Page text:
Soda Blaster on My Classic Car from Eastwood

Soda Blaster on My Classic Car from Eastwood


shopping day I’ve got John Sloan from
the eastwood company John how you doing today I’m doing great great to be here
dance we know media blasting is something we
all need doing we’re doing a restoration something but the thing is kind of
trendy these days you’re an awful lot about is is is soda blasting soda as the
media baking soda right that’s right it’s a it is especially treated baking
soda product it’s not like the baking soda that you might pick up at your
grocery store it’s a it’s a tree crystal that has more impact and can remove the
pain but it also is it’s it’s a it’s more friendly I mean environmentally but
also it is easier on the the surface is your blasting right i mean you can get
around glass with you can get around chrome is a true without catching it
yeah you’re gonna love that well here’s a guy i love you i love your
cheat with demos and here’s another one of these this is this is a kind of why
soda right very much so here you can see a couple
samples of that blasted with soda this is a steel pal and this is aluminum
pound both of which were blasted with the baking soda and you can see there’s
very little warp there’s a just a slight bit of warpage
on the aluminum but also very smooth surface is a very smooth surface on the
other hand I have a couple panels here that I blasted with the aluminum oxide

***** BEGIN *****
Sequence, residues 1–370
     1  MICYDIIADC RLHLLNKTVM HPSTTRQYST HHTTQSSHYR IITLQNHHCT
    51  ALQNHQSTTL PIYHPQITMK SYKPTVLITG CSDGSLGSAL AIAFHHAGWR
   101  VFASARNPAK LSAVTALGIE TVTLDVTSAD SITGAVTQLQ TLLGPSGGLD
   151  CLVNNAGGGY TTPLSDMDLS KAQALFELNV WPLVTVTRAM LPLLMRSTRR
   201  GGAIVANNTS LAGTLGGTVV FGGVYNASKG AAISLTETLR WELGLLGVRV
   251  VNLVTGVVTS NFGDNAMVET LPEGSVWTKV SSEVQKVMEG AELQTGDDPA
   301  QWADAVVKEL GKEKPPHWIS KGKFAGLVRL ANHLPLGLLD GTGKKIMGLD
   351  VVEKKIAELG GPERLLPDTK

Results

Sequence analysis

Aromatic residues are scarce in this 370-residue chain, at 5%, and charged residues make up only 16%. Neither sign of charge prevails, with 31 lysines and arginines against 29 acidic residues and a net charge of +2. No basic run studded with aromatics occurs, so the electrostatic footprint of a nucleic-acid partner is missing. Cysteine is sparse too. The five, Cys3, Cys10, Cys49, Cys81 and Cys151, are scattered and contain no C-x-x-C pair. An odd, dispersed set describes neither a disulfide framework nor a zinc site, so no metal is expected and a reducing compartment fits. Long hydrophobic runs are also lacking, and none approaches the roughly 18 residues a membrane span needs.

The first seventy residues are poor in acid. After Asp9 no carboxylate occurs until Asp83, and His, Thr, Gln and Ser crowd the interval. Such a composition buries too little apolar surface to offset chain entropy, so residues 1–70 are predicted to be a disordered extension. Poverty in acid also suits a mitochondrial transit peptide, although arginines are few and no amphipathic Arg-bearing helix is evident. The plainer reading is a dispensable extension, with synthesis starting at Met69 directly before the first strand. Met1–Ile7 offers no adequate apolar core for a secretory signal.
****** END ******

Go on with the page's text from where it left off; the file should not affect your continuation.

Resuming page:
abrasive this again is steel and this is aluminum and you can see even with the
steal that there is someone ridge there well and it’s crazy in the in aluminum
case and and the surfaces i mean it’s it’s very edged it’s very
rough yeah and if you want to avoid that and the people do yes yeah you don’t want to warp your car
before you paint and so does the way to go and this is I mean these are a couple
of different the Saudi media that you use right now
the most popular is probably the medium media this is a fine crystal size especially
treated baking soda particle that is the most effective media to use when you’re
removing paint if you have harder coatings perhaps like a powder coat
finish you may want to use crystal excel how
about these two this is the same as the medium and XL
that we just talked about but the crystals further treated with a
hydrophobic he coding to prevent moisture from being absolutely in a
clump up on you and it doesn’t have an atmosphere is that it doesn’t like this
doesn’t look at least like pure soda no this is a combination of baking soda
and aluminum oxide since soda itself isn’t sufficiently aggressive to remove
rust you need the added aluminum oxide to do
that but you probably want to keep that away from glass and chrome absolutely because a legit well that’s
all well and good but the really cool thing is eastwards new soda blast unit
here and this this is it i mean this is the whole this whole thing the
handy-dandy little sore blast right it sure is and when you buy a soda
blaster from eastwood you get pretty much what you see here with the abrasive